- Get Involved
BLACKSTOCK, LEO GUY
BLACKSTOCK, LEO GUY (1899–1972). Leo (Lee) Guy Blackstock, attorney, teacher, and World War II hero, was born on November 1, 1899, at Whitt, Texas, the son of Rabun A. and Pearl (Mathis) Blackstock. He attended high school in Weatherford and then enrolled in the University of Texas, where he earned a B.A. degree in economics in 1923, an M.A. degree in business administration in 1925, and, while holding a full-time teaching position in the College of Business Administration, a J.D. degree (with highest honors) from the UT law school in 1933. He taught at Trinity University in 1924–25, when the institution was located at Waxahachie, and at Sam Houston State Teachers College (now Sam Houston State University) from 1925 to 1927. With some interruptions he served on the faculty of the University of Texas from 1927 to 1971 in both the College of Business Administration and the School of Law.
Blackstock took a leave of absence from the university from 1937 to 1939 to serve as chief examiner of the gas utilities division of the Railroad Commission of Texas. In 1936 he was commissioned a captain in the United States Army Reserve and was on active duty in the army from November 1, 1940, to November 30, 1946. He was a graduate of the Command and General Staff School and assistant judge advocate of the Tenth Army Corps; he served in the Pacific Theater, where he participated in the New Guinea campaign of 1944, the initial invasion of the Philippines at Leyte in 1944, and the Mindanao campaign in 1945. He was assigned from October 1945 to November 1946 to the occupation forces in Japan, where he was chief of the prosecution division, legal section, of the Supreme Command of the Allied Powers in Tokyo and was in charge of the prosecution of Japanese war criminals (classes B and C). He received numerous decorations and citations, including the Bronze Star. After he was released from active duty as a colonel, he remained in Japan as a civilian attached to the army, from December 1, 1946, to August 8, 1948, and continued his work in the prosecution of war criminals. His work, however, did not prevent him from enjoying a close and warm relationship with many Japanese friends for the remainder of his life.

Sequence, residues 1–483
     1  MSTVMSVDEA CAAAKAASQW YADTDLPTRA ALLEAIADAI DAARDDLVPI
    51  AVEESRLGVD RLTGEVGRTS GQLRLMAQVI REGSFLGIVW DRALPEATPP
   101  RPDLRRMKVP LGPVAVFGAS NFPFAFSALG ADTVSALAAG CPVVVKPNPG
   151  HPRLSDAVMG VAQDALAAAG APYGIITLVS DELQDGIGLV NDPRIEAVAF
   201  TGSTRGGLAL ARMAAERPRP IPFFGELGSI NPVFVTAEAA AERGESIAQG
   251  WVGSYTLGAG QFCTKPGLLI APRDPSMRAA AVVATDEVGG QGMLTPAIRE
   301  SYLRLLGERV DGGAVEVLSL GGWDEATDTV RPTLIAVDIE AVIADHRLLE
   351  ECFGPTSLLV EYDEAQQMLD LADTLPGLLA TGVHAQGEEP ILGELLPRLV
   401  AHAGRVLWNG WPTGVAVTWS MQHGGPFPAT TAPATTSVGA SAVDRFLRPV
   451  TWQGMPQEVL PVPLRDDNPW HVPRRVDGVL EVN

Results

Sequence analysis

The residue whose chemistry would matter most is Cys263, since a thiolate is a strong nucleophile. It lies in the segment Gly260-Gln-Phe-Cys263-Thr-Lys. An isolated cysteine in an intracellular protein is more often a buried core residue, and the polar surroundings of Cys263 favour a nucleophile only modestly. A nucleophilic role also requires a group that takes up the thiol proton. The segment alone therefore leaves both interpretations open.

Afterward, Blackstock returned to the University of Texas, where he was professor of business law in the College of Business Administration and, from 1953 to 1966, visiting professor of military law in the School of Law. He retired from the university on May 31, 1971, when he became professor emeritus. His book, Cases on Military Justice (1954), was a significant contribution in that field. He also wrote several other works and lectured extensively off campus on various aspects of law.
He was married to Harriet L. Barrickman on June 30, 1923, at New Braunfels; they had two sons. On May 26, 1948, he was married to Hannah-Graham Belcher in two ceremonies (official and religious) at Yokohama and Tokyo, Japan. He died on September 4, 1972, and was buried in Fort Sam Houston Cemetery in San Antonio. Several years before his death he gave his fine collection of books on military law to the library of the University of Texas School of Law. In 1973 the Leo G. Blackstock Fund was established to provide an annual scholarship to a prelaw undergraduate in the College of Business at the University of Texas at Austin.
BIBLIOGRAPHY:Vertical Files, Dolph Briscoe Center for American History, University of Texas at Austin.
Image Use Disclaimer
All copyrighted materials included within the Handbook of Texas Online are in accordance with Title 17 U.S.C. Section 107 related to Copyright and “Fair Use” for Non-Profit educational institutions, which permits the Texas State Historical Association (TSHA), to utilize copyrighted materials to further scholarship, education, and inform the public. The TSHA makes every effort to conform to the principles of fair use and to comply with copyright law.
For more information go to: http://www.law.cornell.edu/uscode/17/107.shtml
If you wish to use copyrighted material from this site for purposes of your own that go beyond fair use, you must obtain permission from the copyright owner.
The following, adapted from the Chicago Manual of Style, 15th edition, is the preferred citation for this article.Handbook of Texas Online, Eldon S. Branda, "BLACKSTOCK, LEO GUY," accessed April 25, 2019, http://www.tshaonline.org/handbook/online/articles/fbl09.
Uploaded on June 12, 2010. Published by the Texas State Historical Association.